08/18/2022, 8:53 am EDT

North Atlantic Basin 10-Day Tropical Monitor

Highlight: No significant events indicated in the 10-day forecast. Fig. 1: Morning satellite view of the North Atlantic basin. Discussion: A tropical low-pressure area has drifted inland into the southern Yucatan Peninsula (Fig. 1). This system will drift west to northwest likely not developing due to disorganization in the southwestern Gulf of Mexico over the next few days. The upper shear axis across the Caribbean Sea extends northeastward into the central subtropical North Atlantic and is a little stronger than yesterday. An easterly upper shear axis is preventing tropical waves from organizing off the West Africa Coast. In today’s 10-day outlooks both the GFS and ECM are shy about tropical cyclone development.
08/18/2022, 8:17 am EDT

U.S. Energy Market Early Notes: Heat roars ahead in the West while flooding persists in the Southwest.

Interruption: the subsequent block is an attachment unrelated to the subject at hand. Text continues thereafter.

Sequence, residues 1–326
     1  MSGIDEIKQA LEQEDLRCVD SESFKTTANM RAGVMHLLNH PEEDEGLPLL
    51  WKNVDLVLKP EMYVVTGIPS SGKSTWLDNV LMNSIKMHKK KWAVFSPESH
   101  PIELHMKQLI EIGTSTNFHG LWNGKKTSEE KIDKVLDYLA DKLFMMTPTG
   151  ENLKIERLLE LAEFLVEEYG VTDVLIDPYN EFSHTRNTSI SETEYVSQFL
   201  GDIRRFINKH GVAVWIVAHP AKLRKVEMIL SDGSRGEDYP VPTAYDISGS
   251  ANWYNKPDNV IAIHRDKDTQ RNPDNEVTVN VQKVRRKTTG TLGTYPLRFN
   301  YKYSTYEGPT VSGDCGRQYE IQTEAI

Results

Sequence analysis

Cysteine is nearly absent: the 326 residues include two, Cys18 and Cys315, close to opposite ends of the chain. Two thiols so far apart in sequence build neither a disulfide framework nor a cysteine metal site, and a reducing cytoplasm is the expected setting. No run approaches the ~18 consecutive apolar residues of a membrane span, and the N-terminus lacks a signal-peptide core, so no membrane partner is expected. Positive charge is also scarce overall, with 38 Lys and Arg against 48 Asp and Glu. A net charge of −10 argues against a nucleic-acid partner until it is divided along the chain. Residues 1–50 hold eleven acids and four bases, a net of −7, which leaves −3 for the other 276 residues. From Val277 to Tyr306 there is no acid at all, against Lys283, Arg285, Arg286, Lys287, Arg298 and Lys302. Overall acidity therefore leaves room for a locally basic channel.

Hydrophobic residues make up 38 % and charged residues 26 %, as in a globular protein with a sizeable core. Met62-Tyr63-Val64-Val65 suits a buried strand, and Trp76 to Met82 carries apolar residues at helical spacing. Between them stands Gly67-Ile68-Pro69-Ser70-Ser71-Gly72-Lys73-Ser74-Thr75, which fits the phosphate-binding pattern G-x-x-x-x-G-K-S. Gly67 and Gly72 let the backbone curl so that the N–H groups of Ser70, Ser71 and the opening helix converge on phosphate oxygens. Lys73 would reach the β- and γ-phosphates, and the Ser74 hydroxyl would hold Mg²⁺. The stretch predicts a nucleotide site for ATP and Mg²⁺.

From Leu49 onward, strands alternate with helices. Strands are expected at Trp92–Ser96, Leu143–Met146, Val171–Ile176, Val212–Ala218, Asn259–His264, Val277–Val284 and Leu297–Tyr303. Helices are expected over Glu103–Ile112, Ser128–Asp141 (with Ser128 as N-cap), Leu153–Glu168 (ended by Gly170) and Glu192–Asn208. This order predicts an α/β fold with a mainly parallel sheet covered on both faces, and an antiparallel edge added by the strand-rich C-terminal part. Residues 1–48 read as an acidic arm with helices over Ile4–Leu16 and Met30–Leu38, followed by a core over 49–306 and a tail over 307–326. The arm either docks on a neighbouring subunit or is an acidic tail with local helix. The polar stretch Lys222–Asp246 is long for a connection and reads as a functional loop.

Fig. 1-2: ECM hottest day ahead forecast for the Northwest and California. U.S. discussion: Short-term high impact weather is in the West. The excessive heat continues across the Northwest States to California through the weekend. The peak hot day in the Northwest is today. ECM projects high temperatures in the 100-105F range for southwest Idaho to southeast Washington today (Fig. 1). The heat eases slightly the next 2 days and more forcefully into early next week. In California, the hot weather continues through the weekend with the hottest day projected by ECM for Saturday with 110-112F well inland and 90’s not too far from the coast (Fig. 2). In the Southwest U.S., the immense wet monsoon of summer 2022 roars on. The short-term heavy rains are enhanced by entrainment of a tropical low-pressure area that moved across southern Texas earlier this week. Widespread flood risk is apparent for Arizona and New Mexico in the 5-day forecast (Fig. 3). Some of the heavy rain extends to the southern Great Plains. The wet weather pattern continues but with lower intensity later next week (Fig. 4). Fig. 3-4: ECM rainfall forecast for the Southwest U.S. the next 5 days and next week. The latest U.S. population weight CDD forecast reveals the current cool week reverses to warmer than normal to close the last third of August (Fig. 5). Fig. 5: The U.S. population weight CDD forecasts by all models, their consensus and comparison with 48 hours ago and the 10-year/30-year normal.